Opinion Column


Too many companies taking advantage of desperate students

By Laila Yuile, City Hall




Columnists Laila Yuile and Brent Stafford battle over the issues of the day. The winner of last week’s duel on the teachers’ strike vote was Laila with 86%.

This week’s topic:

Are unpaid internships exploitation or a good opportunity for young people entering the job market?

Back in the 'good old days' when I first entered the workforce, it was common for university students to take on an internship position with a company over summer break — or even in conjunction with their studies. Back then, the unpaid and temporary positions often did get your foot in the door, in addition to acquiring valuable experience and references. A few of my friends are still with the same corporations or organizations they interned with, proof that at one time these kind of experiences were successful.

Fast forward to 2014 and you’ll find an entirely different economy and job market. With thousands of university students facing stiff competition, the perfect conditions have been created for unpaid internships to be abused across Canada.

In B.C., the law says unpaid interns should only be observing and assisting, and for limited hours each week. If an intern is performing real work, they must be paid for it. The law does differentiate, however, between an internship and a practicum, which is done in conjunction with a learning institution in exchange for student credits.

Read Brent Stafford's column

Even a brief look back through national news coverage shows a multitude of stories about internships gone wrong. Last year it was reported that an ad was circulating for an unpaid busperson internship at the Fairmont Vancouver. While both the Fairmont Hotel and Vancouver Community College defended the unpaid internship by saying even lower service positions need experience — because we all know how hard it is to put dishes in a tub — the ads were quickly pulled after being heavily criticized on social media.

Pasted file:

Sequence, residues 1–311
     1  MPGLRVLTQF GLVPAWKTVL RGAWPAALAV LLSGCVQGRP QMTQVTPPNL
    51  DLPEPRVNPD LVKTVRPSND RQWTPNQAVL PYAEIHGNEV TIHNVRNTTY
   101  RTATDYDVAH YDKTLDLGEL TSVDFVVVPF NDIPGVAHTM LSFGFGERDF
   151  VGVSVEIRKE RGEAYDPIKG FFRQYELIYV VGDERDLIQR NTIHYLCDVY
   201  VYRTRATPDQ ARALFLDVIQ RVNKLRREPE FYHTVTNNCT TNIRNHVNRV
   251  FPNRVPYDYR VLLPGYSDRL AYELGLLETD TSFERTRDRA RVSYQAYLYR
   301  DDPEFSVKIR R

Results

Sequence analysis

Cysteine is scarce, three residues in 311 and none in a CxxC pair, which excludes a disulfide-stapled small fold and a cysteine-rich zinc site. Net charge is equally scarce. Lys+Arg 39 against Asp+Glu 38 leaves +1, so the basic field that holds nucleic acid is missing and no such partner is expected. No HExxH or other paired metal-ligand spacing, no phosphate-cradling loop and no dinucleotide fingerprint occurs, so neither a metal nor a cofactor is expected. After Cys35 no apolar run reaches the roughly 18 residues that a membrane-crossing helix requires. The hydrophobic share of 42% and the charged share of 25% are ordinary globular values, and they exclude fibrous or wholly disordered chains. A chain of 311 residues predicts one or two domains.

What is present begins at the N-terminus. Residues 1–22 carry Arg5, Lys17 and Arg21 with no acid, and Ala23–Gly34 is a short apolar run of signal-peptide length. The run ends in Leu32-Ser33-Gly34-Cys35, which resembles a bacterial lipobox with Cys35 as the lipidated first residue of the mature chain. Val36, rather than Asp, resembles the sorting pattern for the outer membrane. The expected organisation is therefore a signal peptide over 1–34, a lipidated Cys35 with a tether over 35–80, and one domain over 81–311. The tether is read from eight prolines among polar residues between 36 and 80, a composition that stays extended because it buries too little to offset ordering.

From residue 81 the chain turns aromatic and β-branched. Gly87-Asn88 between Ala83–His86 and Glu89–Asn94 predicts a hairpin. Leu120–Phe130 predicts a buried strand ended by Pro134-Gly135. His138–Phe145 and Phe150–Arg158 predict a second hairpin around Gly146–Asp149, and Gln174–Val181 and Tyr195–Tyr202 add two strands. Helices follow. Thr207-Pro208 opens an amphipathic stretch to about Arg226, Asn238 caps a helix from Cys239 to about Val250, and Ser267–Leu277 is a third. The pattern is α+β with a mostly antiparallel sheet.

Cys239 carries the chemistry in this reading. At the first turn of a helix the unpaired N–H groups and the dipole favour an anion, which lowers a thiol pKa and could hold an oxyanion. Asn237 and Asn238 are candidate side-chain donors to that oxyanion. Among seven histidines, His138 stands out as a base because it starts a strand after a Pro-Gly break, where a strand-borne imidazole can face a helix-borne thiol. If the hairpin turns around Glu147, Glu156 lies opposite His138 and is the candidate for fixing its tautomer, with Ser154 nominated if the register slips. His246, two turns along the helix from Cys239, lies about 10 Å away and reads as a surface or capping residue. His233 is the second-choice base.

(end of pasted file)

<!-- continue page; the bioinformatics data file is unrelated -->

Therein lays the heart of the problem that far too many students and graduates are facing. For many employers willing to cross the line, what is advertised as an unpaid internship full of opportunity ends up being nothing more than a way to get several months of free labour without it ever having to show on the books. And frankly, how many young interns would speak up and complain in this job market?

The Canadian Intern Association has been keeping track of some of the reported abusers, along with those employers following the laws of the province they hire in, on their walls of shame and fame.

Increasingly, unpaid internships are just another way for corporations to make a quick buck by not paying an eager graduate. And in my world, that’s called exploitation.

Laila Yuile is an independent writer, blogger and political commentator. You can read her blog at lailayuile.com.




Who wins this week's duel on internships?

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